September 19, 2002
"Florida experience unbelieveable makes you want to say Flori-DUH!" Secretary of state Cathy Cox said.
Electronic voting machines now in Florida, but still voters are left frustrated. But when voters head to the polls here in Georgia on November 5, Cox says things will be different.
"Can't say you've got new voting machines and we've improved elections," she said. "You've got to plan and got to train."
So that's what Cox is doing, training voters Thursday in Tifton.
But mostly she's relying on her staff to make sure every poll worker in the state knows exactly how to use the state's 19,000 machines, at a cost of $54 million.
Why make the change? Cox says as bad as Florida was back in 2000, Georgia was worse, with more than 3 percent of votes going uncounted.
But things went well in the electronic voting pilot program last year in Dawson, and now she expects the same, even for voters not familiar with computers.
"When they hear voting on computer, many assume need computer skills," Cox said. "But once you see it, surprised so simple."
Simple, but still something new. That should attract more people out to the polls, but things might move a little more slowly.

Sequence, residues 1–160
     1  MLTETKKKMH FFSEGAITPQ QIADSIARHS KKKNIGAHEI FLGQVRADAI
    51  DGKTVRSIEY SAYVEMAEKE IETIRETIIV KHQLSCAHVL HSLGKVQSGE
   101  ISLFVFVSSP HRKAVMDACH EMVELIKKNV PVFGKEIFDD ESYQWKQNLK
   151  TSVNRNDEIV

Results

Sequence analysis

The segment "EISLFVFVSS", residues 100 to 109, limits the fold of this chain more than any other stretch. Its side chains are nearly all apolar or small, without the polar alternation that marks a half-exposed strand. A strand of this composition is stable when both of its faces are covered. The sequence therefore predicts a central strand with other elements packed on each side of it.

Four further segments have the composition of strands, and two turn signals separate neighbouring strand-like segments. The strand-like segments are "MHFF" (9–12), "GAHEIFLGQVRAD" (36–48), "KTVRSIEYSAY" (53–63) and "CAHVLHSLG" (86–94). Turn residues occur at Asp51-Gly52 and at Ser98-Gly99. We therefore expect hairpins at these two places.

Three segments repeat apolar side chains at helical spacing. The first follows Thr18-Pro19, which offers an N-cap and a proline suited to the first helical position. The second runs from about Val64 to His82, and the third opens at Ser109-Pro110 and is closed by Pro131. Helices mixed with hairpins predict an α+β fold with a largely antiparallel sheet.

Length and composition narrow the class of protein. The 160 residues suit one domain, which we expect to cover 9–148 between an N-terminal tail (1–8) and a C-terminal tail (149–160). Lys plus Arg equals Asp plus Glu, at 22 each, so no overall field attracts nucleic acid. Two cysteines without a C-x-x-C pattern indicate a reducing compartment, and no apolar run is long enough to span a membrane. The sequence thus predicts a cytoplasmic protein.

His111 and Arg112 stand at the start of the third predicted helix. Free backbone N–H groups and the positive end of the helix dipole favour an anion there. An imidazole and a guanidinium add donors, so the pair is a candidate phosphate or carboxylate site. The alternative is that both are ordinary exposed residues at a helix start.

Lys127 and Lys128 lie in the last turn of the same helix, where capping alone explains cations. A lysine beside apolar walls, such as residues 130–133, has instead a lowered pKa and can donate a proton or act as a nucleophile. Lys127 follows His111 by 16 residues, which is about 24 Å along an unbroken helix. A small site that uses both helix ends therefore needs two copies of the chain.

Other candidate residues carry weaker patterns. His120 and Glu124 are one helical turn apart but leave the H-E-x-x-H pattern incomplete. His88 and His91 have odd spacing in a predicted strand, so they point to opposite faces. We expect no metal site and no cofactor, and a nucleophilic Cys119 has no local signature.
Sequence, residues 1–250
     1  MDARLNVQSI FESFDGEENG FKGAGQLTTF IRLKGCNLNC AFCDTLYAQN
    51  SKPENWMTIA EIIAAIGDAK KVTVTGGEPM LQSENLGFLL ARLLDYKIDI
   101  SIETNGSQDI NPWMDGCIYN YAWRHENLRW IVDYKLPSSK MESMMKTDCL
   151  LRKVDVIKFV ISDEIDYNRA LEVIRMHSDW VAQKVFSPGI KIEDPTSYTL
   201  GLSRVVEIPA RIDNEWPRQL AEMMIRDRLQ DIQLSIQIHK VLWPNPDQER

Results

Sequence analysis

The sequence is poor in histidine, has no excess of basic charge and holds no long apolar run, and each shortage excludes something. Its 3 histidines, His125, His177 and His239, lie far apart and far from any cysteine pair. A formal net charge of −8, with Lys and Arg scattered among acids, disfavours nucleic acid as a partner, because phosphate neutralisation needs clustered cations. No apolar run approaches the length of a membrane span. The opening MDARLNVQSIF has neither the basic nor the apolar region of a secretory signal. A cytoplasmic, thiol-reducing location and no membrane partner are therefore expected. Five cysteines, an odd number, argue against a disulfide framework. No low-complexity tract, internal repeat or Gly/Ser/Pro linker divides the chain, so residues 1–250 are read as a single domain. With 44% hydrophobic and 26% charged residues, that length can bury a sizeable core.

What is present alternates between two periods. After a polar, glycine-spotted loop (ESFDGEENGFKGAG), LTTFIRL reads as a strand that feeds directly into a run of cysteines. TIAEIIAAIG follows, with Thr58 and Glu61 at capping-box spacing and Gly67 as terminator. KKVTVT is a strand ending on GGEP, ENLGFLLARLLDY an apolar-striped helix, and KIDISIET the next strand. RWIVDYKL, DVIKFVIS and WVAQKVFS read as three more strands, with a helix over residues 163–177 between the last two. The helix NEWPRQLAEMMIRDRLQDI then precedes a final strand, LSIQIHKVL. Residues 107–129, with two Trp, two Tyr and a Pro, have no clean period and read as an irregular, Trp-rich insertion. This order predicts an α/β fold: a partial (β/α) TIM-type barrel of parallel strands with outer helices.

All of the machines being used in Georgia were manufactured by Diebold. They will also be training 2 poll workers per precinct. None of the voting machines used in Florida were made by Diebold.
Fulfilling student needs was the focus of a community meeting with Dougherty County School officials Tuesday.
Jimmy Carter was among those raising money for the Boys & Girls Club of Americus-Sumter County Tuesday.
An electrical blackout during South Georgia's high temperatures created some concern at the Moultrie-Colquitt County Humane Society Tuesday.
Albany city leaders voted to deny the rezoning of the 2400 block of Whispering Pines Circle to allow the building of a Captain D's restaurant.
Albany city commissioners voted unanimously to roll back the millage rate.